Around 2:00 PM, I was in the middle of numerous news reports, photographs, personal diaries, blogs, trying to sort out some material for today’s newspaper page. I got frenzied when my leader called me and asked to reshoot a photograph at a hotel-you-know-where. Being so busy at the moment, the last thing I wanted was something that would make me even more occupied. It seemed like an exercise in productivity. The government had imposed car restrictions on Chang’an Street, so getting a taxi was impossible. I grabbed my camera, set the GPS and headed towards the hotel by bike.
Near 5:00 PM, I returned to the Media Center with to-be-published news articles and photographs. On television, the opening ceremony of the 2018 Beijing Summit of the Forum of China-Africa Cooperation was live broadcasted. President Xi Jinping declared the historical conference open. I sat down in the news conference room, listening to President Xi’s opening speech as his voice echoed inside the whole building.
President Xi Jinping giving the opening speech of FOCAC. Photograph/ Ye Jinyi
A total of 75 CUC students took part in this international event. Liu Dawei (Class of 2019) is a graduate student and my fellow colleague at the summit’s publicity group.
“Before this summit we visited the embassy of the Republic of Zimbabwe, where we were introduced to the history and wonders of this beautiful African nation,”Dawei said. “Volunteering for this summit makes me know Africa more and think, it’s a real privilege to be here.”
“It’s an incredible privilege to be so close to this historical event,” agreed An Bowen, a student of 2021 session). “Close to this event of diplomatic prominence, of the monument for China-Africa relations. To come from a suburb in Tianjin, where people rarely engage in public affairs, to a place where I can take my part in an important state conference, is such an amazing revelation that occurred to me during my first year.”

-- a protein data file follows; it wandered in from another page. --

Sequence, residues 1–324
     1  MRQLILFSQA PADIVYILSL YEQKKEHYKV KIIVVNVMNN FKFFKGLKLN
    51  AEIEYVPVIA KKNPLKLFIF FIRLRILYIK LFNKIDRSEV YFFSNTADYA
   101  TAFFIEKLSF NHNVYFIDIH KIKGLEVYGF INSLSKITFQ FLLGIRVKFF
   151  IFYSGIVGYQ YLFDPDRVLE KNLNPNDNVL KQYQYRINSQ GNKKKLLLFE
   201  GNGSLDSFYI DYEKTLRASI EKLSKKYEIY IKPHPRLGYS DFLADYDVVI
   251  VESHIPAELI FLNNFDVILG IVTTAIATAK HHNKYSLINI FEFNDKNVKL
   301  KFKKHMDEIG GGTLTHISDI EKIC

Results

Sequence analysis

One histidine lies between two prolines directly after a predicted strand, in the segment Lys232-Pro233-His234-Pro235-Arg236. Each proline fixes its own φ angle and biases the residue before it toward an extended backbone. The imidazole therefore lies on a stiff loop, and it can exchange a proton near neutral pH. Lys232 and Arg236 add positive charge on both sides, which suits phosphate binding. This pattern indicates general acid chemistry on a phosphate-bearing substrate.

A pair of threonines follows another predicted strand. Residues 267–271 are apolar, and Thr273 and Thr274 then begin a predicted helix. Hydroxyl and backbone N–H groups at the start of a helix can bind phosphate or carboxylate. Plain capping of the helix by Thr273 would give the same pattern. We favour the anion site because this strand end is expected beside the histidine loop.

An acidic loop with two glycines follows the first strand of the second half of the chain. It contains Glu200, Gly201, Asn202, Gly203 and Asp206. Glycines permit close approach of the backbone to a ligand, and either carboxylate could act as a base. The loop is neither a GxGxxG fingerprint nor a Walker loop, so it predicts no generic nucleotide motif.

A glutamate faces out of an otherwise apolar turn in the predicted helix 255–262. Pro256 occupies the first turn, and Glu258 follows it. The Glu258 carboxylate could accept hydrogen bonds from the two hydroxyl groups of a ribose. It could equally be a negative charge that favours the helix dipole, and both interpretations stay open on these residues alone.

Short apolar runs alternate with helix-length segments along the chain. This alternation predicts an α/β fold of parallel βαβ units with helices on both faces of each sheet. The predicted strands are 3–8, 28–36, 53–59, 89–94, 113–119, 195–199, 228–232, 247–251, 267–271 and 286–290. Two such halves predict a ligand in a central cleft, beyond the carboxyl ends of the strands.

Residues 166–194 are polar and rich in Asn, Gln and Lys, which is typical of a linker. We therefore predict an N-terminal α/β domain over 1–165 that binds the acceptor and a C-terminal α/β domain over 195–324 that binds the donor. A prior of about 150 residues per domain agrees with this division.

The volunteering experiences are meant to jumpstart the students' enthusiasm towards China solutions by letting college students know that there are ways they can get involved with state affairs. Bowen, for instance, is a tour guide, and has spent a considerable amount of time holding the signal board and showing foreign guests around the media center’s photo exhibition.
“It was cool to have the opportunity to not only select the works but also orient them within the space, and have a go at creating a small narrative and trying my hand at curation,” said Bowen.
CUC students posing in joy after volunteering the summit. Photograph/ Yan Li
This porous boundary between the student body and the participation in national events has given me some of my best memories as a volunteer. Every time I saw my news reports published in the newspapers like Guangming Daily and China Youth Daily, I felt satisfied that my modest efforts have comprised a contribution.
The sun was dipping. From dawn to dusk, the color of the sky constantly improvised and revealed itself in variations. I strolled down the corridor to my post, walking past the familiar photos that lined the walls.
Editor: Wang Huiyi, Arshad Bhatti